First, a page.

The Fourteenth Amendment has been breached where no state shall make or enforce any law, which shall abridge the privileges or immunities of citizens of the United States; nor shall any state deprive any person of life, liberty, or property, without due process of law; nor deny to any person within its jurisdiction the equal protection of the laws ("Cornell University Law School," 2012).

It is apparent from the above-mentioned Articles and Amendments of the U.S. Constitution that Confusion statute is unconstitutional. The state of Confusion cannot impose its own laws to deter from Tanya Truckers pursuit of life, liberty, and property. Tanya Trucker receives protection by the U.S. Constitution guarding her from antitrust and monopolizing policies.

Validity of Statute With the large amounts of evidence provided that shows the state of Confusion has breached several amendments and articles of the U.S. Constitution the state itself is also protected by the U.S. Constitution through the Eleventh Amendment ("Cornell University Law School," 2012). The Eleventh Amendment clarifies that the state of Confusion is protected by sovereign immunity, in which Confusion is protected by civil suit or criminal prosecution. This would clarify that Tanya Trucker cannot seek financial compensation against the state of Confusion, or can the state of Confusion be prosecuted criminally for their blatant refusal to recognize the U.S. Constitution. The Federal Court System of the United States can

only force the state of Confusion to adhere to the U.S. Constitution, and rule that antitrust laws have been broken. Even though Tanya Trucker may have been affected financially by the state of Confusion’s actions, she cannot seek monetary compensation against the state. Outcome of Legal Suit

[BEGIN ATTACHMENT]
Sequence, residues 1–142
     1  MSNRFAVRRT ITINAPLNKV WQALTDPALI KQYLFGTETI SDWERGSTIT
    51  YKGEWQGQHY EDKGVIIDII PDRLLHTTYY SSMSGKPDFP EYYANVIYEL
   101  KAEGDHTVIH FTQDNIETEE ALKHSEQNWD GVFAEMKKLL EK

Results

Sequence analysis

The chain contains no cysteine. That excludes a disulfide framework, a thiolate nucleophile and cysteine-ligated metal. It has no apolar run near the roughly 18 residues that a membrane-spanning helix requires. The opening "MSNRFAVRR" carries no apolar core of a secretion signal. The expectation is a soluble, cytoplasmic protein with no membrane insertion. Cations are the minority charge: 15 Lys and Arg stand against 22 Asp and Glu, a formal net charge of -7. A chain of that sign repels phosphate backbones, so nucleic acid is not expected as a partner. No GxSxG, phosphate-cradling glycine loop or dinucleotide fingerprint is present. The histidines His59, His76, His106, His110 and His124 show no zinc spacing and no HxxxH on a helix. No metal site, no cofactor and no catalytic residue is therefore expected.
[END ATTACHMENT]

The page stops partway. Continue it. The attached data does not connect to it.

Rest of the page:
Tanya Trucker is likely to prevail in her suit against the state of Confusion. The state of Confusion is clearly in violation of the U.S. Constitution in regard to Article IV, the Fourteenth Amendment, and the Fifth Amendment. The Federal Court System would likely rule that the state of Confusion has violated Tanya Trucker’s rights to life, liberty, and property. However, the state of Confusion is protected from financial compensation by the Eleventh Amendment and will not have to pay any restitution to Tanya Trucker. This will be a victory for all citizens in the state of Denial that own businesses such as Tanya Trucker, and Tanya Trucker should be compensated by the state of Confusion for any legal fees, and possible attorney costs, which she has paid.

Stages of Civil Suit According to Joe Mack, a legal representative and a licensed lawyer in the state of Maryland, there are eight stages in a civil suit. The eight steps are as follows: Pre-filing, Pleading, Discovery, Summary Judgment, Trial, Post-Trial Motions, Appeal, and Enforcing a Judgment (The Stages Of A Civil Lawsuit, n.d.) In the pre-filing stage certain aspects of the lawsuit are decided. Personal jurisdiction is decided, whether the state, or federal courts, will hear the suit. This will also set precedence for subject matter jurisdiction and venue (The Stages Of A Civil Lawsuit, n.d.).